Mythbuster 4: “For a doctrine to be infallible all bishops of the world must be in universal agreement about it. However, many bishops have “expressed support for women’s ordinations and the need for greater dialogue on the issue”. Watch the video to see some of their statements. My favorite is from the late Bishop Francis Quinn: “I personally think the Spirit is calling women to be deacons and priests, but the Spirit hasn’t yet communicated it to the teaching Church.” I would add that it probably has, but that some parts of the Church are either turning a deaf ear to it or simply have not heard it yet.
Myth 5: “Supporting women’s ordination means you’re against the Pope and the Church.”
Mythbuster 5: ”Many faithful Catholics have challenged the Church to change its ways when our understanding of the moral value of certain practices has developed.” Some examples include St. Theresa of Avila who tirelessly spoke out about Church corruption, Fr. Augustus Tolton who worked for racial justice, Mother Mary Lange who founded a Sister’s order for African-American women in the US, and Fr. Daniel Berrigan who was a radical peace activist. “To be a follower of Jesus means a willingness to make ‘good trouble’. The Church also teaches that a person must ultimately follow their conscience where ‘the voice of God echos in (her/his) depths’ even if it means disagreeing with Church teaching.” Canon 212 states that the faithful have “the right and even at times the duty… to make their opinion known to the rest of the Christian faithful”.
For me personally, this is not about being against, it is about being FOR: for togetherness, unity, equality, love… isn’t that the whole point?
Myth 6: “Women’s ordination is not about ‘equal rights’ – no one has a ‘right’ to be a priest.”
Mythbuster 6: “Becoming a priest is about following a call – listening and responding to the voice of God in our innermost being. All people can discern a call to the priesthood and do. It is wrong for the hierarchy to put limits on God’s will on the basis of anatomical features.”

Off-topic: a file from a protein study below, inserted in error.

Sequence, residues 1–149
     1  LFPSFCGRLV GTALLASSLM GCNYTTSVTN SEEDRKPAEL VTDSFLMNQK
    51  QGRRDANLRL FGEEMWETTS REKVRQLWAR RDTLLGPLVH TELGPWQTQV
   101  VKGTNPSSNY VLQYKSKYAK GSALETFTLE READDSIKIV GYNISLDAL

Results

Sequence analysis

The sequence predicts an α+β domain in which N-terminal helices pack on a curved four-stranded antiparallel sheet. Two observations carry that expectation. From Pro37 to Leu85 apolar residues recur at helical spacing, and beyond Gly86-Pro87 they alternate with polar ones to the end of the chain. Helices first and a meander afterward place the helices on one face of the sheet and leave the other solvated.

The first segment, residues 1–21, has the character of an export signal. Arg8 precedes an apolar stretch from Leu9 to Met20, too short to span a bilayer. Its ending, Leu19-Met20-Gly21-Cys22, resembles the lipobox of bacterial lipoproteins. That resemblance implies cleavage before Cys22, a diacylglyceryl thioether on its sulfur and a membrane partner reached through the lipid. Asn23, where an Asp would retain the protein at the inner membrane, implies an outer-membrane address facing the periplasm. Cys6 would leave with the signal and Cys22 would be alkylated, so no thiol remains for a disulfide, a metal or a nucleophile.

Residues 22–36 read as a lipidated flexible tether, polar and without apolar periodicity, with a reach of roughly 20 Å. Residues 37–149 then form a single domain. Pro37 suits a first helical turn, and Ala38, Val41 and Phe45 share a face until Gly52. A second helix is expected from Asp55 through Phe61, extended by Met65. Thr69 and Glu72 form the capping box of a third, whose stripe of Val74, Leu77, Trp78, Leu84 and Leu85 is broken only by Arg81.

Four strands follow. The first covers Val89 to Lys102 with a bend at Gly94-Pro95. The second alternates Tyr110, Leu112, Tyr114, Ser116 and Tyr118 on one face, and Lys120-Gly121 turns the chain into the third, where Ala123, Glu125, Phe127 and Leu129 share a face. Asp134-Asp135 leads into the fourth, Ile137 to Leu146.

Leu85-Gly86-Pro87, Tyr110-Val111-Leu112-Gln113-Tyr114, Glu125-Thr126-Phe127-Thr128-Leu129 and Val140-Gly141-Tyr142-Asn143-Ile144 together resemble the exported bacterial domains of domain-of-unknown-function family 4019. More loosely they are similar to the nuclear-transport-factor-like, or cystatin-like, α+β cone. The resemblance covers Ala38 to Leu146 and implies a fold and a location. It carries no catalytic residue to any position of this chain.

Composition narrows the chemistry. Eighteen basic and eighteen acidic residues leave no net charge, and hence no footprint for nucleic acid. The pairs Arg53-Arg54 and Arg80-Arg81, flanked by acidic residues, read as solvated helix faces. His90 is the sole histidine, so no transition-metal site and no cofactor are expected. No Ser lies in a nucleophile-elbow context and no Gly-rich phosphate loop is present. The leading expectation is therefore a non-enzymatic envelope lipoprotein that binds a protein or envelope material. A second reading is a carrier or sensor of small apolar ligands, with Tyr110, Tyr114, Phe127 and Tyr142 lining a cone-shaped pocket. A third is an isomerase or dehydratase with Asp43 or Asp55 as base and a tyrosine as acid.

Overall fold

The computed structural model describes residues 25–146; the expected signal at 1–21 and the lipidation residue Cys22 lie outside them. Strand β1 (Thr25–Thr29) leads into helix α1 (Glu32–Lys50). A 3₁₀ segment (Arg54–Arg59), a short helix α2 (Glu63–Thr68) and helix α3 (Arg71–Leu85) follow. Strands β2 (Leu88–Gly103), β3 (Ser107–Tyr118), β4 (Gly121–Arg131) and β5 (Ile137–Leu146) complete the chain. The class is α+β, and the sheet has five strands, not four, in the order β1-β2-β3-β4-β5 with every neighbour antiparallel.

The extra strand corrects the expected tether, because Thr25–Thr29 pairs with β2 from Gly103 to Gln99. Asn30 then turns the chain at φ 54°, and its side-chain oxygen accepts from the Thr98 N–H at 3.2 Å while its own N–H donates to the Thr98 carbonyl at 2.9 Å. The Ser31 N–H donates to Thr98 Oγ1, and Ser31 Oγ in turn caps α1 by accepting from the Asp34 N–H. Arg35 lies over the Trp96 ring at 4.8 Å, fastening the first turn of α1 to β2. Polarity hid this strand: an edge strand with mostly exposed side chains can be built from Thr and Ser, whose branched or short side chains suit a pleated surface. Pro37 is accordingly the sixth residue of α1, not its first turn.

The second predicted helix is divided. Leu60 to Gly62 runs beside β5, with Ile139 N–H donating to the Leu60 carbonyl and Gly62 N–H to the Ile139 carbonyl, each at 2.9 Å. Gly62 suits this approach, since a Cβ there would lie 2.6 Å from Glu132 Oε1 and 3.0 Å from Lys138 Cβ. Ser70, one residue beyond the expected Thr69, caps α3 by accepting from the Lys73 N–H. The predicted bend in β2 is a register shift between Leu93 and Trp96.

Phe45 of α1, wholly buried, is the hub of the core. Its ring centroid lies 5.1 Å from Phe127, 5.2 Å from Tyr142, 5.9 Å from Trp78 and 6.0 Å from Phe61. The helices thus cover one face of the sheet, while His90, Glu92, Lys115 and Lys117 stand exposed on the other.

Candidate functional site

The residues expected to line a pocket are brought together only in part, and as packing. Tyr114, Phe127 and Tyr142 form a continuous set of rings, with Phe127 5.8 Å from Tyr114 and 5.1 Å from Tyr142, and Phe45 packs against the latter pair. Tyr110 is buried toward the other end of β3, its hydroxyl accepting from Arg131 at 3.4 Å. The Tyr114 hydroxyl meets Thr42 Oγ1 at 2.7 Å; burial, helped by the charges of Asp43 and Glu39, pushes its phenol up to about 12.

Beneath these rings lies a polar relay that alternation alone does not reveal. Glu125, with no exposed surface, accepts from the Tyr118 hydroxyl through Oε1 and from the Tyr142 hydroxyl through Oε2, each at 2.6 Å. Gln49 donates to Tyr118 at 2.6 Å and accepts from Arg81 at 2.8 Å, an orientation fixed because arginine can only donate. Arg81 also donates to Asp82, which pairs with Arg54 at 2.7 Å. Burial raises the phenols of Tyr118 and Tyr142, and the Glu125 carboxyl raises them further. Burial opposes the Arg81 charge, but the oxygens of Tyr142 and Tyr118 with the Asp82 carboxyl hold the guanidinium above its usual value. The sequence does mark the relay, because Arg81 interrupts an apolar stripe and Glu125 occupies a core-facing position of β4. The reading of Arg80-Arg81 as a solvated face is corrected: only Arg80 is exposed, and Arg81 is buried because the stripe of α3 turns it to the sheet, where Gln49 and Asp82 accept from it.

Myth 7: “Jesus was a man, and priests act ‘in persona Christi,’ so only men can be priests.”
Mythbuster 7: “Acting ‘in persona Christi’ doesn’t mean physically resembling the historical Jesus of Nazareth… We don’t ask priests to be circumcised, or Jewish, or carpenters…”
Myth 8: “Christ is the bridegroom of the Church, his bride, so priests must be men because the Church is a bride.”
Mythbuster 8: “This is a metaphor… not a literal description. We don’t need all priests to be men, any more than we need all other members of the Church to only be women…”
I am going to imagine an all-inclusive Roman Catholic Church and I invite you to do the same. Well, if that’s too hard, how about imagining for starters your own Catholic community as all-inclusive? Being a young woman who doesn’t need to be ashamed of her body, confessing to a man and feeling terrible, but rather knowing she is loved, utterly so, exactly as she is… Or what if you have lost your faith and the angry God makes no sense and you could find faith in an all-inclusive community without sacrificing your religion?
There is a whole world out there beyond the Canon Law, which in itself, a lot of it, is not based on the Gospels and the love of Jesus. There is a contemporary Catholic theology and a whole bunch of people, women, men, and non-binary folks building a better world together.
I get so happy just thinking about it!
In the next episode, I will be hosting Kate, executive director of the Women’s Ordination Conference. From them, we will hear more detail about the work of the Conference first hand, how they deal with the very real barriers and sometimes even hostility to what they are doing, and much more.
Hold onto your seats and if you like what you are hearing share with others.
Thank you for listening!
With Love & Respect,